It builds to the point where CL walks away completely from both Bennett and her job. She takes a job somewhere else, chooses to complete her MBA internship with another company all together.
It comes down to this: I liked Chloe and Bennett together. They make sense. But I also like the way that work out how they are going to have a relationship when they both work in the same career field and he is, without a doubt, a much bigger player than her.
This book is based on Twilight (a book I’ve never read or seen the movie adaptation of) and Bennett certainly tries to dominate this couple. But comparing it to Twilight-based erotic romance like 50 Shades, Bennett is not an unhealthy, abusive boyfriend. I’m not arguing he’s some kind of perfect prince or even that I’d want him to be my guy but he didn’t read as problematic to me.
On to Beautiful Stranger.
Sara, the heroine of this book, appears multiple times in Beautiful Bastard. She was in the same MBA internship program at Ryan Media Group (the company Bennett’s father ran) as Chloe (the heroine of the first book). At a pivotal point in Beautiful Bastard, it is Sara who yells at Bennett and helps him set in motion the things that come to pass in the final section of the book. Max knows Bennett from university were they were flat mates for three years. It was Max’s place in Marseilles where Bennett took Chloe to propose to her (an event we learn about in Beautiful Stranger).
In Beautiful Stranger, Sara has just moved to New York City from Chicago after breaking up with her philandering fiance (a Democratic congressman from Illinois). She has been in NYC for five days when she goes to a club and searches out a man who can help her live a little, at least for one night. She meets Max, who is British and has lived in the city for six years, working at a venture capital firm he helped start. [side note: we also find out that Chloe and Bennett have moved to New York. Chloe’s work for Ryan Media Group has thrown the company into overdrive and when the need for a NY office arises, they move there to run it.]
They find a dark corner in the club and then Sara says to Max (at this point, they haven’t told each other their names): “I’ve been the only person to give myself an orgasm for the past year. Can you change that?” [note: Chloe has had some alcohol at the point where she and Max have sex. Her consent is never in question from the way it is written but that’s a warning in case that plot line is triggering for someone].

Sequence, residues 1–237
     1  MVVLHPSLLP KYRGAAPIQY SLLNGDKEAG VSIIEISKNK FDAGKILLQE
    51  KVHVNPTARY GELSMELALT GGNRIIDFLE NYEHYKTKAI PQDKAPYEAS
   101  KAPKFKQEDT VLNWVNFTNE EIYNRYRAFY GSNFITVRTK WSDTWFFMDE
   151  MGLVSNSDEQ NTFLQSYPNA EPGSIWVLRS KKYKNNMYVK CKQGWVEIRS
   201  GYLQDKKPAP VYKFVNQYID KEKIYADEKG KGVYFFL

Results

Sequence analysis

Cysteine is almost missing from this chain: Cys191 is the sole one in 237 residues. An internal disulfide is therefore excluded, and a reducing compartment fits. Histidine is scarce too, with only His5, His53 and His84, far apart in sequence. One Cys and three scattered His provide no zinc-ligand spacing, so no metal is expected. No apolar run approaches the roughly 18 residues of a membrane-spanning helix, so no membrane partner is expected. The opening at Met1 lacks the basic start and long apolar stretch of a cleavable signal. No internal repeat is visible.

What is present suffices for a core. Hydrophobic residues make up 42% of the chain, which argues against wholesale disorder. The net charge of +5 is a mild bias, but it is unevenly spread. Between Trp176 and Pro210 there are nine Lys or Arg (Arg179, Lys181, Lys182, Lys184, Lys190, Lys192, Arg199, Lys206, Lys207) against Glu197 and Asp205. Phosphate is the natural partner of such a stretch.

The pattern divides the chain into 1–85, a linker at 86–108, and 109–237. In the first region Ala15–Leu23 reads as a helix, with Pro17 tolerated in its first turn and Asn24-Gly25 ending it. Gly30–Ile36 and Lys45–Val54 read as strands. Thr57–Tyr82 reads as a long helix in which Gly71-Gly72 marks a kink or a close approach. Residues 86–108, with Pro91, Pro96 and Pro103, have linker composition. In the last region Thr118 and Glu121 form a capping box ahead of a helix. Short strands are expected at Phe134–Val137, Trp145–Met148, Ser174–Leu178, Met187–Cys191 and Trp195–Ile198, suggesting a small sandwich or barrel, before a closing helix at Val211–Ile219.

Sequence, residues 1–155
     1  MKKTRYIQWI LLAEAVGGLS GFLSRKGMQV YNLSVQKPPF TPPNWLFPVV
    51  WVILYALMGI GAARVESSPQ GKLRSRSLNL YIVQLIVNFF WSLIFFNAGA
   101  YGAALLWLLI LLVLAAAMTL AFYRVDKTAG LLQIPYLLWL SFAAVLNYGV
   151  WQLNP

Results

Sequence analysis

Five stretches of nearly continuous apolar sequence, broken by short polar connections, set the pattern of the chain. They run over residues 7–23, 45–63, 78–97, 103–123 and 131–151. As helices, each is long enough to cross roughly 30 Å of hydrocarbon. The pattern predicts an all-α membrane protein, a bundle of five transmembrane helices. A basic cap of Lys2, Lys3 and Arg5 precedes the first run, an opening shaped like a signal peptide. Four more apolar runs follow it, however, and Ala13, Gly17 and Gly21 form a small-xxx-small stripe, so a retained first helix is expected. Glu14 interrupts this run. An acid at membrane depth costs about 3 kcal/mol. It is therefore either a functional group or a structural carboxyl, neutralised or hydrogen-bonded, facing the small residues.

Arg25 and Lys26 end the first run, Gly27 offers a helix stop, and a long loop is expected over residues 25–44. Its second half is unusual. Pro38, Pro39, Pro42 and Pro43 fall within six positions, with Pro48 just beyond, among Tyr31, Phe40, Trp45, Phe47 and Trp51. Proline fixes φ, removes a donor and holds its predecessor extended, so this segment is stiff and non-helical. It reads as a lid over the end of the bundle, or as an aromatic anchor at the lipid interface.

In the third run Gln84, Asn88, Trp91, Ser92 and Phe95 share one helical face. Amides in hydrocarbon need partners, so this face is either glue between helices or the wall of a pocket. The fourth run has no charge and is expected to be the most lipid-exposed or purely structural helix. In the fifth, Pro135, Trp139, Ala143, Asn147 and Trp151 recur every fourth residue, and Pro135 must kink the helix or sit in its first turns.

When Max learns that he can meet Sara through his connection to Bennett, he wastes no time.
He woos her. He compliments her. He continues to give her orgasms. Eventually he pushes her for more.
One of the things I love about this book is watching Sara learn that she can just enjoy liking Max, liking how he makes her feel, liking how he makes her feel about herself. But it’s not easy for Sara all the time because of the past betrayal she faced in the one major relationship she had ever had. For example, this exchange about halfway through the book:
“Why are you so nice?” she whispered, and then kissed me, muting any possible reply.
But this one stuck. It felt too big to disregard and pave over with my hand in her underwear or a grind under a tree. I pulled back. “I’m nice because I’m genuinely fond of you.”
“Do you ever lie?” she asked, eyes searching mine.
“Of course I do. But why would I want to be dishonest with you?” […]
After a lingering look, she stretched and kissed my jaw once, carefully. “I’m fond of you, too.”
The casual sexual relationship with Max turns quickly and easily into a full-blown relationship and eventually into mutual love between the two. And help me if I didn’t swoon along with them.
When eventually Max tells her that he loves her, Sara says it back to him but then says:
“I didn’t want to fall in love with you,” I said.
He took a step closer. “If it makes you feel any better, you put a very impressive fight.”
But as is customary for romance novels, their bliss is tested by a rather large speed bump. And CL do a great job right up to the last minute leaving us in agony, wondering how it will all resolve into the happy ending we are so desperate for by that point in the story.
I give Beautiful Bastard 3.5 out of 5 stars because of that beginning that I can’t get past.
I give Beautiful Stranger 4.5 out of 5 stars. It’s a favorite of mine, one I know I will re-read many times over, enjoying it every time.
Both are on My Favorite Romance Novels list.